Bitcoin, the world’s biggest blockchain, has attracted recognition from a range of mainstream investors and businesses, with a market capitalisation of over $900 billion. Ripple CTO David Schwartz, on the other hand, does not seem to be as upbeat.
In a recent interview with Techradar Pro, Schwartz indicated that Bitcoin is “doomed” to fail in its most critical project. According to the Ripple executive, the blockchain has struggled to “deliver a mechanism whereby citizens can trade openly with one another, without the intervention of some intermediary” during the last decade.
In reality, Schwartz cited Bitcoin’s core architecture to justify why he believes this is the case, with the executive saying,
“The design of the Proof-of-Work (PoW) consensus mechanism at the heart of the Bitcoin blockchain is such that true decentralization and disintermediation was never a possibility.”
A cryptocurrency, according to Schwartz, should be a one-sided market, with consumers finding both a store of value and a medium of trade. Bitcoin, on the other hand, has made it into a “two-sided economy,” he claims.
In the aforementioned interview, the executive went on to say that finding these issues with PoW was critical to the work undertaken by Schwartz and former Ripple executive Jed McCaleb in 2011.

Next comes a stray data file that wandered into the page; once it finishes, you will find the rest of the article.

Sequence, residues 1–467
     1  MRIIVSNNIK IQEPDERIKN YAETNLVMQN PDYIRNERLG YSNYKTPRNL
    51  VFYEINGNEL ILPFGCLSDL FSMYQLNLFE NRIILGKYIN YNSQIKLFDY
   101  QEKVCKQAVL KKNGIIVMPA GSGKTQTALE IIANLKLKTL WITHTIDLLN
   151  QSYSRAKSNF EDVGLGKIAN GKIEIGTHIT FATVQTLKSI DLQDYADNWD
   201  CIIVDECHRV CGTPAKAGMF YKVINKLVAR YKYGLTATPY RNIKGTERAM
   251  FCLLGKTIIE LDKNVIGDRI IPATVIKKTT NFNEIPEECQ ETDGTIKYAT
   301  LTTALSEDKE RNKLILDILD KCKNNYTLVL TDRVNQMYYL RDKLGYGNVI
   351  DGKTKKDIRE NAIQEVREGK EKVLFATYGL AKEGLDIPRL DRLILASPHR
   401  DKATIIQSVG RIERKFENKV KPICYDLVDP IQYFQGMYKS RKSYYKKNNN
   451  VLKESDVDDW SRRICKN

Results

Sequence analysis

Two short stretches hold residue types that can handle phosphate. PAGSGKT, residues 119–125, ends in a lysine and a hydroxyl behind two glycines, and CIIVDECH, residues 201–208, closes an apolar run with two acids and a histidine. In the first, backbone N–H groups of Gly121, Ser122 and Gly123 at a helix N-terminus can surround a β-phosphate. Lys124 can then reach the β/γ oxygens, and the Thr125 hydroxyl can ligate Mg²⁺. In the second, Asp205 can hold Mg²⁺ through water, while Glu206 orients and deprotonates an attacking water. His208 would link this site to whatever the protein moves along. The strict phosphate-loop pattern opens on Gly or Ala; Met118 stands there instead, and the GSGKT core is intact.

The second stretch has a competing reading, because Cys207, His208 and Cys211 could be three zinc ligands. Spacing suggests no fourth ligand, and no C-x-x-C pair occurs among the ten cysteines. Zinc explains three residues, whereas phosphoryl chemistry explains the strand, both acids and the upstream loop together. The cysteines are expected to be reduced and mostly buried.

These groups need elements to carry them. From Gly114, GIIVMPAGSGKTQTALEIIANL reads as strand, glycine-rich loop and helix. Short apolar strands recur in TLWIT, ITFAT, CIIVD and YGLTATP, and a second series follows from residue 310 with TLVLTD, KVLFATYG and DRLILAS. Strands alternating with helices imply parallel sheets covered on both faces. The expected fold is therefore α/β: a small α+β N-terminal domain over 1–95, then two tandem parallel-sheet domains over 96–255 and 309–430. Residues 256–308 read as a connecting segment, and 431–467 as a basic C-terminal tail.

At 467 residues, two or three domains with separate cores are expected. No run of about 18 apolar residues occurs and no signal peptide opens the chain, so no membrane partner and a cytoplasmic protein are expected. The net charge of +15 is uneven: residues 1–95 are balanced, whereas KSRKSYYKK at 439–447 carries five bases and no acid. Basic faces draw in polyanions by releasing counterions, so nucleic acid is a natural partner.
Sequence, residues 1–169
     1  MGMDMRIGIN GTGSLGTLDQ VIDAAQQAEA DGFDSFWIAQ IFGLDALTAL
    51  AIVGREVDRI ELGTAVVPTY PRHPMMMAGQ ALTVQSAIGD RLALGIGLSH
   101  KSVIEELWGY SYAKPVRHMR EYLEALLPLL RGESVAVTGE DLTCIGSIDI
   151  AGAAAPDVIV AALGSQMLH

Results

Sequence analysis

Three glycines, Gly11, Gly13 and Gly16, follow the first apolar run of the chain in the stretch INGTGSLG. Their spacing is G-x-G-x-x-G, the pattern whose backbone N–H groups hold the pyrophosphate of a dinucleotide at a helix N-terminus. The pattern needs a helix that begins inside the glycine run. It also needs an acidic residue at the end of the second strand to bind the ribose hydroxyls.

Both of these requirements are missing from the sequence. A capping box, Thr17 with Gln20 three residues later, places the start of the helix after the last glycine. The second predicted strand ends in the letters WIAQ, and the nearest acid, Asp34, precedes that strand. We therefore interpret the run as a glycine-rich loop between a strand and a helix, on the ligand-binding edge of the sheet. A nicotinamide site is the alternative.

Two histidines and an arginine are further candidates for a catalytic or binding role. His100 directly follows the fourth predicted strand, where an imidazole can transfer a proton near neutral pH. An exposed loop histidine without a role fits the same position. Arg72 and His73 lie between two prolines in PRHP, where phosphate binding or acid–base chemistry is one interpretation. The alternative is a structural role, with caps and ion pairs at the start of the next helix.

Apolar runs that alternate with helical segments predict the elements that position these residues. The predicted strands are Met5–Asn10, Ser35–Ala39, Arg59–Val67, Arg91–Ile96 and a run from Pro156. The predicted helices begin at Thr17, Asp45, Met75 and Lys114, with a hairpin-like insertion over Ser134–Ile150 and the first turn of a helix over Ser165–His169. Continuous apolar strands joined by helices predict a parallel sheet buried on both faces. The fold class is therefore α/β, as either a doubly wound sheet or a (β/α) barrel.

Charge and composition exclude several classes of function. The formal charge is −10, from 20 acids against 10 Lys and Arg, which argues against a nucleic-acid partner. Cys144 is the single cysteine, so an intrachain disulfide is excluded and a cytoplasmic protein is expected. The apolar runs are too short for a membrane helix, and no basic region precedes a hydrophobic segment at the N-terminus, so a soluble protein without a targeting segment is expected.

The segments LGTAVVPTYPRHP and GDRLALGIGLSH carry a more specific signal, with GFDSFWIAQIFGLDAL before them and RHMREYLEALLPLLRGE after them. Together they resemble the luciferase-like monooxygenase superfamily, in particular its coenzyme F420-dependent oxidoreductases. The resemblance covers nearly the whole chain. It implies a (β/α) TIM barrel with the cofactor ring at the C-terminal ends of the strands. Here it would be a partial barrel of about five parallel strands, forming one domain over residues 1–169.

“At the time, the philosophy for most people was that PoW was Bitcoin’s secret sauce, but the very first cracks in the foundation were beginning to show.”
XRPL was thus implemented after being based on the concept of a distributed agreement algorithm, one that is meant to execute the same core functions as PoW or PoS but without the drawbacks of PoW or PoS. The consensus algorithm merely creates orderly transfers without any cryptocurrency incentives, rendering the process cooperative rather than competitive.
Having said that, Schwartz wasn’t ashamed to find out his system’s biggest fault.
“The main issue with this approach is that the quality of network participants isn’t always as high. With no cryptocurrency rewards available, the network attracts a less reliable pool of participants who are more likely to drop off without any notice.”
To conclude, Ripple’s CTO presented his views on cryptocurrencies and regulations in place,
“In the years to come, cryptocurrency projects will preserve their roots in decentralization and disintermediation by providing a way for users to adhere to local regulation, but without mandating compliance.”
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